Those of us who are not programmers might not realize that code is not invincible against entropy. Code rot is the slow degradation in the performance of your computer software. Your code’s quality and responsiveness can deteriorate over time, here are two reasons why code rot can occur:
Changed Environment: The code has been unused for a long period of time. For example, it can be some existing functionality that isn’t needed or requested anymore. Even though the code itself has not changed, the code has rotted because it no longer fits in its surrounding environment.
Gradual Decay: This code is actively used in the program, so it’s up to date with the environment. Instead this code rots by slowly getting worse in small details, an example would be by repeated changes or fixes to the code base. Each individual degradation my not be detrimental but in aggregation they have a significant impact. This type of code rot is in almost every code base to a varying degree.
Here are some key ways to help prevent against code rot:
Performing Unit Tests
This is considered the most effective way to prevent code rot. By performing both class and method level unit tests, you can make sure that your code remains fresh, stable and usable. If it isn’t, you’ve at least caught the problem early and before it compromised the whole system.
Positive results to all of your unit tests also provides visibility if you need to repair or restructure the code. If some of your tests don’t pass after an adjustment, you’ll know exactly where the problem is.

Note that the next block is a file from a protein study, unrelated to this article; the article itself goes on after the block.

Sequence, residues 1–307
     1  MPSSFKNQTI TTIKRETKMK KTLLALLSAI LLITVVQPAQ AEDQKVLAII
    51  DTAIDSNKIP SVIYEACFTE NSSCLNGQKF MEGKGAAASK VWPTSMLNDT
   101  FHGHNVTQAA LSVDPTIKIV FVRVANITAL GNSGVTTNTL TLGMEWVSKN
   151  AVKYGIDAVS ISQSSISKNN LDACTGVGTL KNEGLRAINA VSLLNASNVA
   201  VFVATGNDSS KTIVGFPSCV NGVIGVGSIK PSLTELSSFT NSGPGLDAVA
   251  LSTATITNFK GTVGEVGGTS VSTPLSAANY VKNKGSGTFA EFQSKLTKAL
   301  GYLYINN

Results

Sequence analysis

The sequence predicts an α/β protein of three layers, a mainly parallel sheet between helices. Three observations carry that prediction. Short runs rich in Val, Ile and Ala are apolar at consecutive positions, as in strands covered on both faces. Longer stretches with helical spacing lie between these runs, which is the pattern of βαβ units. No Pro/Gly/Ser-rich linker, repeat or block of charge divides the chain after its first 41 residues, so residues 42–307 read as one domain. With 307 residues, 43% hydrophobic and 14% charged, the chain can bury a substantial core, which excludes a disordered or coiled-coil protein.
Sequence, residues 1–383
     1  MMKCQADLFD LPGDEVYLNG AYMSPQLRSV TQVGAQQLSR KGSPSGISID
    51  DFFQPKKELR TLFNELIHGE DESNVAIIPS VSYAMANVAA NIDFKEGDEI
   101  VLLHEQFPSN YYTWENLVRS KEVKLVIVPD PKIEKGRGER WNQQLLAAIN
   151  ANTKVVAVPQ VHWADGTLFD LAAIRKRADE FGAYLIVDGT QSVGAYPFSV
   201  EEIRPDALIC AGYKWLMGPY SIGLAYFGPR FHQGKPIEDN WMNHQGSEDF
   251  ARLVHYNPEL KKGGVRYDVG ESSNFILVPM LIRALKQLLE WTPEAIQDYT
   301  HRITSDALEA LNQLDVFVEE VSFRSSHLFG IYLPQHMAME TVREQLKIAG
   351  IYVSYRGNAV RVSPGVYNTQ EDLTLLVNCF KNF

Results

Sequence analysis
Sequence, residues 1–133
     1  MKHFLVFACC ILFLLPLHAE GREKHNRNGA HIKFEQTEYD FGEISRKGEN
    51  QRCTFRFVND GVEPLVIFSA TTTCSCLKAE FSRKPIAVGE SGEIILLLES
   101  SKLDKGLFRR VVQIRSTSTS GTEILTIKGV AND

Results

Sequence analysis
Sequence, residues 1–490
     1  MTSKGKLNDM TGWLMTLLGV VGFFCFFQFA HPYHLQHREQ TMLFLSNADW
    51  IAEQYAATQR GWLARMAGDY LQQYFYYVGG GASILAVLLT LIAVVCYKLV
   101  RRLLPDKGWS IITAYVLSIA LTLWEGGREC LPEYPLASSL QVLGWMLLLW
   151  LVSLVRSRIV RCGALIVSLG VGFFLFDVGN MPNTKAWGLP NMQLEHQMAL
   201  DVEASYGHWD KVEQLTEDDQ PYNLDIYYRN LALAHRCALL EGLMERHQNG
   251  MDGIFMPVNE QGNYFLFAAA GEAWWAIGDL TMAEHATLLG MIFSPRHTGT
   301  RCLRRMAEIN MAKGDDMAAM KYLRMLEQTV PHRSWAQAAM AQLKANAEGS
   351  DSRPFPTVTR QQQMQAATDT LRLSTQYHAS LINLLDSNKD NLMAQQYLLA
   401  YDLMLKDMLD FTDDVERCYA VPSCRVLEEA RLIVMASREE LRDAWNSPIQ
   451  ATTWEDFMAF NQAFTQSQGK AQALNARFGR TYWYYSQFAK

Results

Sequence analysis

Making it Less Complex
Another way to prevent code rot is to reduce the complexity of the code. By limiting the number of dependent code segments, you are less likely to encounter a failure if you make a change to one segment. Reducing code dependency also makes it easier to perform the unit testing as there will be less branches to cover with your tests. Simplify your code as much as possible and avoid duplication.
Document it All
Another tried and true way of preventing code rot is to incorporate high documentation standards. Make sure there are guidelines and code standards in place for your team. Be clear about the level of detail that is required for code comments. Ask yourself, if you and your team didn’t show up to work tomorrow, would another development team be able to open your application, read your code and comments and continue your work? The more explicit the comments and code details, the more resources you have if a failure should arrive. Remember, it’s not about the quantity of detail, it’s more about the quality.